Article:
Effects of nano-copper on maize yield and inflammatory response in mice

Document Type: Original Article


1 Institute of Genome Research, Vietnam Academy of Science and Technology, 18 Hoang Quoc Viet, Cau Giay, Hanoi, Vietnam

2 Graduate University of Science and Technology, Vietnam Academy of Science and Technology, 18 Hoang Quoc Viet, Cau Giay, Hanoi, Vietnam

3 Nuclear Medicine and Oncology Center, Bach Mai Hospital, 78 Giai Phong, Hanoi, Vietnam

4 Hanoi Open University, 101 Nguyen Hien, Hai Ba Trung, Hanoi, Vietnam


Objective(s): Copper (Cu) is an essential dietary supplement in animal feeds, which plays an important role in maintaining the balance of all living organisms. Copper nanoparticles (nCu) participate in catalysing activities of multiple antioxidant/defensive enzymes and exerts pro-inflammatory and pro-apoptotic effects on systemic organs and tissues. The present study explored whether nCu affects maize growth and yield and grain mineral nutrients as well as physiological functions in mice.
Materials and Methods: Maize seeds were treated with nCu (20 mg/kg and 1000 mg/kg dry weight (DW)) and their grain productions were used for mouse feed. For testing of autoimmune response, mice were treated with nCu at concentration of 2 mg/l and 1000 mg/l and ultimately serum biochemical indicators, numbers and activation of immune cells infiltrated in mouse spleens were examined.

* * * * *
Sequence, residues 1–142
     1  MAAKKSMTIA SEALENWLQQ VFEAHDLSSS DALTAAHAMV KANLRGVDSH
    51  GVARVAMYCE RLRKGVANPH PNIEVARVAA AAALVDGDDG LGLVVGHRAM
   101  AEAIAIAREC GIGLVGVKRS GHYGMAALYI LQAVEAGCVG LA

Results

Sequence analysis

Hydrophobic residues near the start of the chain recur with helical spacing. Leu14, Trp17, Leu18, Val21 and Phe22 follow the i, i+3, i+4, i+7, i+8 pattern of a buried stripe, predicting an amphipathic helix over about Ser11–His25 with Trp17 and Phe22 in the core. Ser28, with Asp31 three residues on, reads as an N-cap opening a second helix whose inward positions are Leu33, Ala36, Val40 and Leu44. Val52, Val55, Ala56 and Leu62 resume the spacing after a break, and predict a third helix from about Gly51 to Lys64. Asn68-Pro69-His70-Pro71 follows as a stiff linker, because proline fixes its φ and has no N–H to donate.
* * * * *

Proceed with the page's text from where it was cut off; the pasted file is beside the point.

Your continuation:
Results: Treatment of maize seeds with nCu at dose of 20 mg/kg DW, but not 1000 mg/kg DW enhanced germination rate, plant growth and grain yield as well as grain mineral nutrients as compared to control group. Importantly, administration of mice with 1000 mg/l nCu resulted in their morphological change due to excessive accumulation of nCu in liver and blood, leading to inflammatory responses involved in upregulated expression of serum biochemical indicators of liver and kidney as well as increased infiltration and activation of splenic immune cells.
Conclusion: nCu concentration at 20 mg/kg DW facilitated the morphological and functional development of maize plants, whose production was safe to feed mice.


Main Subjects

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